City shuffles staff to tackle clean water plan
Spokane Mayor David Condon this week announced a new shuffling of staff – this time to create a lead team for city spending to reduce the amount of stormwater and wastewater pollution going into the Spokane River.
Mike Taylor, engineering services director, and Marlene Feist, communications director, are being moved to new positions to lead what Condon is calling an Integrated Clean Water Plan.
They will be joined by a new engineering hire.
“It’s a new opportunity to try something different,” Feist said. She said she will work on public education and discussions with neighbors, advocacy groups and government officials.
The city is under state mandates to reduce sewage overflows into the river by the end of 2017 and to limit pollution from the city’s wastewater treatment plant.
The jobs previously held by Taylor and Feist will be getting new faces in coming weeks, Feist said Tuesday.
Condon announced the shuffle in a letter to city employees Monday.
The integrated water plan “will be designed to look holistically at discharges that go into our river from storm water and wastewater systems and will work to create the greatest positive impact to water quality,” Condon said in the letter. He was not available for comment Tuesday afternoon.
The city could spend up to $500 million on the projects, an amount Condon called “the single largest infrastructure investment in city history.”
The spending dates back at least a decade, to when city officials raised sewer rates to provide advance funding for the costly cleanup. Spending so far has reached $220 million.
Part of the spending will continue to go toward new underground retention tanks that capture both stormwater and sewage coming from combined lines mostly south of the river. Those sewers spill excess volume during heavy storms or snowmelts.
But the city also wants to reduce stormwater flowing into the river from areas of the North Side where the two types of sewers flow separately.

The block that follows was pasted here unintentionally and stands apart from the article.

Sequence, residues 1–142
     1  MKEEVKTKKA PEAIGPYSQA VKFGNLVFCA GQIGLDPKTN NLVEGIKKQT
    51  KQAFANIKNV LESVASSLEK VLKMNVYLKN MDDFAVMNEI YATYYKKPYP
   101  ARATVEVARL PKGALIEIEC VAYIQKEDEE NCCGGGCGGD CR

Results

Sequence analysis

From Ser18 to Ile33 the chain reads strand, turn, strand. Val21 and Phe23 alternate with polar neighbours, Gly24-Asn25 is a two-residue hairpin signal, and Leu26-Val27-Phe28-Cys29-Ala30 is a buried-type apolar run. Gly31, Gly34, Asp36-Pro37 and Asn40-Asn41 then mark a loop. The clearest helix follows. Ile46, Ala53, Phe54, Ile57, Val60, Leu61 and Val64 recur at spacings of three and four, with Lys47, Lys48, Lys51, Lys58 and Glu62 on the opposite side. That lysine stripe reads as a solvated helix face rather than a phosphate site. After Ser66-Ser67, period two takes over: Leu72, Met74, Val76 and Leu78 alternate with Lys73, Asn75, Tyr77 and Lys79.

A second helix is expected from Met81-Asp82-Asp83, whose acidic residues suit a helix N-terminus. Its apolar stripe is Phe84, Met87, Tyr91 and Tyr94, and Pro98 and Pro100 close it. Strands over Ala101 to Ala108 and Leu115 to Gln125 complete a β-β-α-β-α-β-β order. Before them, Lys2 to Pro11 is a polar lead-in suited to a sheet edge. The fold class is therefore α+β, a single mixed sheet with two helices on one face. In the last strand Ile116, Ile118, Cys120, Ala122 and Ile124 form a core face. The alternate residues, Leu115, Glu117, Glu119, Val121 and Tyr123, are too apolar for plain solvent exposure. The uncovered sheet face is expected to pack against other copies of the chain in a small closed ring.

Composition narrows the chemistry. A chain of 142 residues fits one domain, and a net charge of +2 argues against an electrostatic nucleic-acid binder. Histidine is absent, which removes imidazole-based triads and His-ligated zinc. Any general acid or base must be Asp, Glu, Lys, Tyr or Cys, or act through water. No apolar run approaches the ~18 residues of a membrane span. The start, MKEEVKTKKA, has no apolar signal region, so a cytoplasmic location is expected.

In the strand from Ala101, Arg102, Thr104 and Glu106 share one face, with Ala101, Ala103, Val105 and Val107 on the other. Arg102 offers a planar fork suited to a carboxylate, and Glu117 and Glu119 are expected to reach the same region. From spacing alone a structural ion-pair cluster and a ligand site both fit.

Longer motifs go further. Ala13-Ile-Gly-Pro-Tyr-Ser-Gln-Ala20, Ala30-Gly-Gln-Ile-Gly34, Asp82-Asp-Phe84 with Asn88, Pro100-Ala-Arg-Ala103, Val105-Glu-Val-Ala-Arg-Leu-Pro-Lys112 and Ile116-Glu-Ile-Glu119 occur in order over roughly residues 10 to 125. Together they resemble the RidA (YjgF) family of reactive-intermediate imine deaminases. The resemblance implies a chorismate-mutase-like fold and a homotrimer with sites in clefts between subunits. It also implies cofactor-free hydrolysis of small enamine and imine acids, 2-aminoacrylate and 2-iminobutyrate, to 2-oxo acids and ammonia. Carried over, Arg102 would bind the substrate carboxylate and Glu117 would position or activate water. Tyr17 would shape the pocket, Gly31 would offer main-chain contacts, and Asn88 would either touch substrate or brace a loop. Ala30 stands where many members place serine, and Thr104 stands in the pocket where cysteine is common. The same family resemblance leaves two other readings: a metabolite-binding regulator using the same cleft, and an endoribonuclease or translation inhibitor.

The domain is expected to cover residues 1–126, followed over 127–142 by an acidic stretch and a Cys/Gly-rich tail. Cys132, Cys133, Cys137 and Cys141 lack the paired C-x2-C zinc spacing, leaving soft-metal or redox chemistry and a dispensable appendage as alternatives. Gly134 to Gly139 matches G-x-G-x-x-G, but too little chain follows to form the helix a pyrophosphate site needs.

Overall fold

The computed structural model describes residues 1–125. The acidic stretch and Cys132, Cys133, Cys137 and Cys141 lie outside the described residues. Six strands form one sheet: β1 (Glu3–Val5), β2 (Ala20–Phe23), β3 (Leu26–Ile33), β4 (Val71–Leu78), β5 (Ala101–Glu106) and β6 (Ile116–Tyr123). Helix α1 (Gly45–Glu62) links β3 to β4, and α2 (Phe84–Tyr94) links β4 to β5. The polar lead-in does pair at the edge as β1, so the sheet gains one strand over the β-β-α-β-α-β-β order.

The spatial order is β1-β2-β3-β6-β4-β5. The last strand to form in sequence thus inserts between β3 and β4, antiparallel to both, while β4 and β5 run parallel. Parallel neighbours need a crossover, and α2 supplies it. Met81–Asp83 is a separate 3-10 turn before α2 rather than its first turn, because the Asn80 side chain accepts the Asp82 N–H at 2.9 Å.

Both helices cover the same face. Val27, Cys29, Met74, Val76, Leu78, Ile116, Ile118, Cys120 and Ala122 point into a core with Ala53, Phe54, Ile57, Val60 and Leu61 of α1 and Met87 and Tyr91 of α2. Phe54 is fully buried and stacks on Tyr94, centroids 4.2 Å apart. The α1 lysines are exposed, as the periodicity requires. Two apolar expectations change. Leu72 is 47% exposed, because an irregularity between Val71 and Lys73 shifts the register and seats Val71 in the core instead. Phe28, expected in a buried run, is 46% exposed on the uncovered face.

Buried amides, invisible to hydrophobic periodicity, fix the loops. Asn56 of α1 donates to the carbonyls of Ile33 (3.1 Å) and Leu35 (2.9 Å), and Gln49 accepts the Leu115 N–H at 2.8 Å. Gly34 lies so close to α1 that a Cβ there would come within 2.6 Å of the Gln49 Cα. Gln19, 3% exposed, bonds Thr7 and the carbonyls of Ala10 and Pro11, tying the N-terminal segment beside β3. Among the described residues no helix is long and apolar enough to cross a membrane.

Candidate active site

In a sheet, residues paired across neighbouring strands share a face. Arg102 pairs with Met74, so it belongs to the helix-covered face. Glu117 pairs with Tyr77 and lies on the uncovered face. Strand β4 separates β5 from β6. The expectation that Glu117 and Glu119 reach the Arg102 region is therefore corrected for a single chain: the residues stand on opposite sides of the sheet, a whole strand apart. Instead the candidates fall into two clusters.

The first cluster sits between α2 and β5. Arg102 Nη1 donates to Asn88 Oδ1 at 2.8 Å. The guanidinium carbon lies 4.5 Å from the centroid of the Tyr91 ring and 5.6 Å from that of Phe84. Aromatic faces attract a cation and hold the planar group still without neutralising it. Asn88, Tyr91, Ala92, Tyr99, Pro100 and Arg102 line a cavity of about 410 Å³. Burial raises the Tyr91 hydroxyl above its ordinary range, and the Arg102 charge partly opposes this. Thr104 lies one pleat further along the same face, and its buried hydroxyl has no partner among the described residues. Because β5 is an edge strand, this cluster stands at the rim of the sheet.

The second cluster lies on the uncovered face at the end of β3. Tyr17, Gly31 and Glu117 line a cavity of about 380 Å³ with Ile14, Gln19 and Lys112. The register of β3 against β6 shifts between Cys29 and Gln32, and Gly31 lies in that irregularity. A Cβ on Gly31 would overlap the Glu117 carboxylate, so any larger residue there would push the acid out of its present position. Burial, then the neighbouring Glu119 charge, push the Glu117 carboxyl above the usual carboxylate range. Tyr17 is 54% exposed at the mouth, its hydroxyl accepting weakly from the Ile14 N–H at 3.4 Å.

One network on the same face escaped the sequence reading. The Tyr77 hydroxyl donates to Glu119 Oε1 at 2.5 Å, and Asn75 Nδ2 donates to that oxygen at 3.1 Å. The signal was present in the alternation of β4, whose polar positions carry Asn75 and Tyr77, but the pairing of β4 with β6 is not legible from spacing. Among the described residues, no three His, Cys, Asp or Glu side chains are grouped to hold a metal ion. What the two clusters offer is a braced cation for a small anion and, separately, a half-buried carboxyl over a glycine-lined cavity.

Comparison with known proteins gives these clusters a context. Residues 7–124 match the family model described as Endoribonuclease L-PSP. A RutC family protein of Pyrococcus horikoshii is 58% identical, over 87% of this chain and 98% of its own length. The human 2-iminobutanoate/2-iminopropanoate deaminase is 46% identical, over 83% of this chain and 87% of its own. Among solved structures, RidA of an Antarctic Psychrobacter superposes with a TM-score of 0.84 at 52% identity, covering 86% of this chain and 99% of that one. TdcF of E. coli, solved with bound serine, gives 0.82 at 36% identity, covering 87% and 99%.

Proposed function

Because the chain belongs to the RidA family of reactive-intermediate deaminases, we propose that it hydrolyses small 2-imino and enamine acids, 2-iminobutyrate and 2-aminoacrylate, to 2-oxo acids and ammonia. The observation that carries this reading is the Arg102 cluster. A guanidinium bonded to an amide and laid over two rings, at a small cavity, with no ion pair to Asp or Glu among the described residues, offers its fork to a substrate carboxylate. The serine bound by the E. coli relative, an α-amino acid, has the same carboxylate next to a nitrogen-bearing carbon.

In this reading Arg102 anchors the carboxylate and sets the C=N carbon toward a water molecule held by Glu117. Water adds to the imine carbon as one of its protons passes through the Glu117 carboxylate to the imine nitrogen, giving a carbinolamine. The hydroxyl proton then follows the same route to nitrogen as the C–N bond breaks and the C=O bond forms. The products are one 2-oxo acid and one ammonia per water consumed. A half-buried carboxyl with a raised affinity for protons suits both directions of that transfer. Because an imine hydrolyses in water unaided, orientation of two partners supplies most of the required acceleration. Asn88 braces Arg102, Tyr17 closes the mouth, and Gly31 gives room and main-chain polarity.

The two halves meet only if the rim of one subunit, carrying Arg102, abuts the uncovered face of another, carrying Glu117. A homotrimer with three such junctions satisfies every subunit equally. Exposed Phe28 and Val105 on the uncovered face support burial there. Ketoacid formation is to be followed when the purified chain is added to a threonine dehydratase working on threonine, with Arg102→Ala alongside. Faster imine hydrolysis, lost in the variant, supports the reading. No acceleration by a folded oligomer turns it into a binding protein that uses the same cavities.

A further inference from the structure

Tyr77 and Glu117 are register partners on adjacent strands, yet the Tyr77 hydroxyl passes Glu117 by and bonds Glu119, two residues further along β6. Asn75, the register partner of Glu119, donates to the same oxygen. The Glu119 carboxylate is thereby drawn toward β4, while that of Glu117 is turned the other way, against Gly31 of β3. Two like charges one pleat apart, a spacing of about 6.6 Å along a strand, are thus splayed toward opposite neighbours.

New street-side features such as water gardens and diversions of surface runoff are anticipated. Storm runoff typically carries heavy metals, PCBs and lawn fertilizer directly into the river.
Mike Peterson, executive director of the Lands Council in Spokane, has been pushing for diversion projects, and his researchers have found numerous examples in other cities.
“I’m pretty excited about the direction the city is taking,” he said.
The transfer of Taylor and Feist shows that Condon is serious about that, Peterson said.
“There’s going to be a lot of outreach and media,” he said, offering to get the Lands Council staff involved as well.
Rachel Paschal Osborn, of the Center for Environmental Law and Policy, said Condon is trying to avoid raising sewer rates to pay for more costly retention tanks for all of the city’s remaining combined sewers.
“The low impact development concept appears to be intended to try to get the city out of its legal obligations to stop putting raw sewage into the Spokane River by 2017,” she said in an email Tuesday.
The staff changes announced Monday are the latest in a series of reorganizations across city departments since Condon took office a year ago.
According to the city budget, Taylor makes $119,000 a year while Feist earns $89,500.